What’s in the High Sierra 10.13.5 update?

Looking through the more than 2 GB contents of the macOS 10.13.5 update, this is another very substantial update to High Sierra which appears to go well beyond adding Messages in iCloud and the declared security fixes.

Substantial updates are made to Safari, bringing it to version 11.1.1, iBooks (version 1.15), Automator (2.8) and many actions, Mail (version 11.4, addressing S/MIME vulnerabilities), System Information (version 10.12), and the Finder (version 10.13.5).

Other apps which are updated include:
App Store, Calculator, Calendar, Chess, Contacts, DVD Player (which remains 32-bit, though), Dictionary, FaceTime, Font Book, Maps, Messages, Mission Control, Notes, Photo Booth, Photos, Preview, QuickTime Player, Reminders, Stickies, TextEdit.

Those updated in /Applications/Utilities include:
Activity Monitor, AirPort Utility, Audio MIDI Setup, Bluetooth File Exchange, Boot Camp Assistant, ColorSync Utility, Console, Digital Color Meter, Disk Utility, Grab, Grapher, Keychain Access and Certificate Assistant, Migration Assistant, Script Editor, Terminal, VoiceOver Utility.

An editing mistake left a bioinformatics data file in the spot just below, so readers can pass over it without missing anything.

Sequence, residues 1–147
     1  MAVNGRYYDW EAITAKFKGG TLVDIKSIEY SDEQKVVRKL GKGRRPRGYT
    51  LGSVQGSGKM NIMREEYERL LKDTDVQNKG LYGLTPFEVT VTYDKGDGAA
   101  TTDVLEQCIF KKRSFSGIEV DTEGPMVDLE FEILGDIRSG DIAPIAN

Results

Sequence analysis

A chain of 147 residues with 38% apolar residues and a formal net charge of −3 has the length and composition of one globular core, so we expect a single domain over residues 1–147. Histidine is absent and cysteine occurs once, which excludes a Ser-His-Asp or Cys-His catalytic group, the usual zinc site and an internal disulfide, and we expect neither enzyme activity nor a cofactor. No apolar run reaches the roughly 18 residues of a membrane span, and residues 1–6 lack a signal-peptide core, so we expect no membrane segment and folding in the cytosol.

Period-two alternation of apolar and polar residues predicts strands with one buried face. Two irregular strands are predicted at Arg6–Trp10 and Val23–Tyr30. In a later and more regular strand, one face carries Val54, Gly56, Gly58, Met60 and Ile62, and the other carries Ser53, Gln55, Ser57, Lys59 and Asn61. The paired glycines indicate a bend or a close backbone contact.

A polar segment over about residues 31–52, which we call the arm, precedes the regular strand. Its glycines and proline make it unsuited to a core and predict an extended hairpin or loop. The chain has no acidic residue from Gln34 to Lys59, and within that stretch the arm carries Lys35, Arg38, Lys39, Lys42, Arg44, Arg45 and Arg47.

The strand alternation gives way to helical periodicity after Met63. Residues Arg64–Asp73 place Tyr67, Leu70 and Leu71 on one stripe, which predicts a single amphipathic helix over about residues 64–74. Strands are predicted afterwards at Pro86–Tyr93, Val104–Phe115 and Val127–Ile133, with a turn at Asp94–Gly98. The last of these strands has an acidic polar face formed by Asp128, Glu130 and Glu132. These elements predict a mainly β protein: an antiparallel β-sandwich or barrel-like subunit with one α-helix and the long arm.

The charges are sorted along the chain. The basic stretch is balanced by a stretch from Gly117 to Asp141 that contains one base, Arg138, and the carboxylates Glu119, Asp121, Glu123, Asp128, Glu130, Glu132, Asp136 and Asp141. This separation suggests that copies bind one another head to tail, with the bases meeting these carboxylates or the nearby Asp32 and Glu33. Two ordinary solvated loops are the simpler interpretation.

Other significant updates include:

  • /Library/WebServer has been extensively updated
  • /System/Library/Accessibility
  • /System/Library/Accounts
  • ManagedClient
  • Photo Library Migration Utility
  • most, if not all, kernel extensions have been replaced
  • many public and private frameworks have been updated
  • many tools in usr/bin and /usr/sbin have been updated
  • eficheck, and its Allow List has been substantially updated to reflect EFI firmware updates.

APFS is something of a puzzle. Although the 10.13.5 update replaces its kernel extension and all its tools with more recently-built versions, the declared version number remains 748.51.0, which is unchanged from that in macOS 10.13.4. There is no evidence here that it has extended support to Fusion Drives, although it is now almost exactly a year since Apple announced at WWDC 2017 that APFS already supported them.

The bundled EFI firmware update should increment the reported Boot ROM version of almost every Mac, apart from those which have already undergone update during beta-testing of this update. I have updated my full listing of version numbers to take this into account.